Dan Reynolds: ‘Life is here and it’s gone. And that’s what primarily this record is about’ – Music News



Imagine Dragons’ Dan Reynolds joins Hanuman Welch on the latest episode of ALT CTRL Radio on Apple Music 1 to discuss the group’s new song ‘Wrecked’ from their forthcoming album ‘Mercury – Act 1’ He talks about working with Rick Rubin, what bands from Las Vegas with Mormon roots have in common, the personal losses that have inspired the bands new album, and more.

Imagine Dragons’ Dan Reynolds On Why Forthcoming Album ‘Mercury – Act 1’ Is About “The Finality Of Life”…
Life is here and it’s gone. And that’s what primarily this record is about, is just the finality of life. I lost four people that I was really close to. My best friend of my youth passed. My sister-in-law passed from cancer. My business manager died of cancer. My ex-girlfriend died of cancer. It just was like the finality of life was just so shoved in my face. So when I was writing, it was like that’s all, I couldn’t help but write about anything but that because I was needing that, I was needing the cathartic writing process.I don’t know how the fans are going to feel when the whole record comes out or how anybody’s going to feel to be honest. But I can tell you that for me, this process was if I wasn’t in a band and Imagine Dragons had never happened, I was always writing since I was 12. It was my journal. I would have written the same. I needed to write this for me. I needed to write this record selfishly just for me

Imagine Dragons’ Dan Reynolds On New Song ‘Wrecked’…
Honesty was at the core of everything. And ‘Wrecked’ in particular was a song that was a really vulnerable, honest song. And any song that made the record had to pass the Rick honesty test. He would say to me, “I don’t believe that,” or “I don’t believe you when you say that,” or “I don’t believe you when you sing that.” And it took me a while to understand what he was saying. But even if you write a song and it makes you feel something that doesn’t mean that it’s going to translate to somebody else.

Imagine Dragons’ Dan Reynolds On Working With Rick Rubin on The Band’s New Album…
We worked really hard on this record and Rick Rubin was a new thing for us. We’ve never worked with him before. We really self produced the majority of our music. So even bringing in a very hands-on producer with years of experience was different, it was a different thing for us but it pushed us. And we wanted to be pushed. This is our fifth record so we’re just at that point where we wanted someone to come in and shake things up. And Rick did that. I think that every band gets egos. Even if they say they don’t get egos, they get egos. And especially in a band setting when you have four people with egos and when Rick Rubin comes in it. And kind of how much ego can you have with Rick Rubin?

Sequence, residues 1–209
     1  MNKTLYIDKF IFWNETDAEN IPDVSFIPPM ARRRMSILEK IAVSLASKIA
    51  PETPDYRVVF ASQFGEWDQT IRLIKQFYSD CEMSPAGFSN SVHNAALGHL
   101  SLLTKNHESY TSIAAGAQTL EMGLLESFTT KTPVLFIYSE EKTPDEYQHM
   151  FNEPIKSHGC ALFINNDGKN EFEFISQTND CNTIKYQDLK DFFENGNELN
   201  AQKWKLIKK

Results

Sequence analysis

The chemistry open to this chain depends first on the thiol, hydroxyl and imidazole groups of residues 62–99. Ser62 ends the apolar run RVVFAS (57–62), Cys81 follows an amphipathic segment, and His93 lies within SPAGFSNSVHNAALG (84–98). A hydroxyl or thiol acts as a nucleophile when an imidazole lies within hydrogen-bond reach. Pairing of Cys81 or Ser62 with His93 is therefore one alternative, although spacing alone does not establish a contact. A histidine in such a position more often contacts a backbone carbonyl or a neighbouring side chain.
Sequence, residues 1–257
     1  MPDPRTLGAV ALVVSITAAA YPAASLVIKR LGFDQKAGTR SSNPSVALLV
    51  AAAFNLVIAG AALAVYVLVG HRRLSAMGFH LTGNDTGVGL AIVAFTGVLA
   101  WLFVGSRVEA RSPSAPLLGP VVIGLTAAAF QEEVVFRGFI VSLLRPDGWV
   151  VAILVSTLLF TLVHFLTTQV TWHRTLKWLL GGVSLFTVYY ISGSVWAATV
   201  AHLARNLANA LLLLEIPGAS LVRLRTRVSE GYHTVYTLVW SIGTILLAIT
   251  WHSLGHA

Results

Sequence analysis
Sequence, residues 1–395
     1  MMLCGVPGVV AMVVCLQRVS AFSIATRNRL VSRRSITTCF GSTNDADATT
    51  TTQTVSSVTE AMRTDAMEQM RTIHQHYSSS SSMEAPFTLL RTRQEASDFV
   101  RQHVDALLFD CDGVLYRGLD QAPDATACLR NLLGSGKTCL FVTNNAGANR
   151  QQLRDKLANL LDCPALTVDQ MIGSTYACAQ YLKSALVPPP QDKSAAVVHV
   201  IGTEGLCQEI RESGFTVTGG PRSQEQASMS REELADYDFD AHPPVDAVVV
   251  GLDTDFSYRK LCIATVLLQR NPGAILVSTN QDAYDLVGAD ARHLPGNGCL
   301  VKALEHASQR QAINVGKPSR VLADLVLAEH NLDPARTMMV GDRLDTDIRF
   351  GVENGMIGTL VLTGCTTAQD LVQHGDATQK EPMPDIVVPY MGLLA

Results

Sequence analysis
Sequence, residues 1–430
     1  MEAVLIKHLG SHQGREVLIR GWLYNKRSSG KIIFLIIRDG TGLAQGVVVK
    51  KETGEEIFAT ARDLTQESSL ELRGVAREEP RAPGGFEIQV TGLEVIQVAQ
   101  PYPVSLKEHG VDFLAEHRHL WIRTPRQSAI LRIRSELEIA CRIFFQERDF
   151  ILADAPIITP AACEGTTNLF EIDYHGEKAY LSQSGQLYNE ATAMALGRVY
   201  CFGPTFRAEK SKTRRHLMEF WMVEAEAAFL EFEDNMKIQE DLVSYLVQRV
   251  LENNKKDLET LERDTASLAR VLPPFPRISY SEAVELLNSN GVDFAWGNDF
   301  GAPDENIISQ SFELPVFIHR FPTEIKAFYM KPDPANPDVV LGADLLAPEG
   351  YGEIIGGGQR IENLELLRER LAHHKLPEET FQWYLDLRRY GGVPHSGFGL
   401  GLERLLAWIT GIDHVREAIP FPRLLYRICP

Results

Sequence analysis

Imagine Dragons’ Dan Reynolds Tells Apple Music What Bands With Mormon Roots From Las Vegas Have in Common…
There’s like three bands out of Vegas that all got big. Panic! at the Disco, Imagine Dragons and The Killers. All three front men were raised Mormon for all of their youth. But for myself, culturally you cannot get away from Mormonism if you were raised with it, especially if you served a Mormon mission which I did. It’s part of my entity, it’s part of who I am, it’s my culture, it’s my family. I have eight siblings that are all Mormon. I have, there’s 40 plus grandkids in the Reynolds family that are all Mormon. I’m not raising my kids in any religiousness if that means anything. I’m more spiritual based and religion hasn’t really been my cup of tea. But anyway, what I was going to get at is I feel like all of these Mormons, like why? Why is the Mormon thing work with music? And I’m feeling like I’m going to invent this new genre that’s called emo but it’s for Mormons. Ex-Mormon, emo. It’s like these sad Mormon dudes conflicted about faith and like conflicted about drugs and religiosity like what is life. This is the whole thing for another day. But I was telling my wife about this the other day. I’m like, there’s something that happens with these Mormon kids that if there’s so much angst there, it’s like don’t have sex, don’t do anything, don’t. And it’s like I have to make music. I must make music. And it breeds these bands. I guess it’s not emo because I guess it’s not. Brandon Flowers isn’t ex-Mormon, I wouldn’t even call myself ex-Mormon. But it’s something about these emotional Mormons that’s like obviously there’s emo, I know emo, but I’m just saying it’s like there’s some like emomo.



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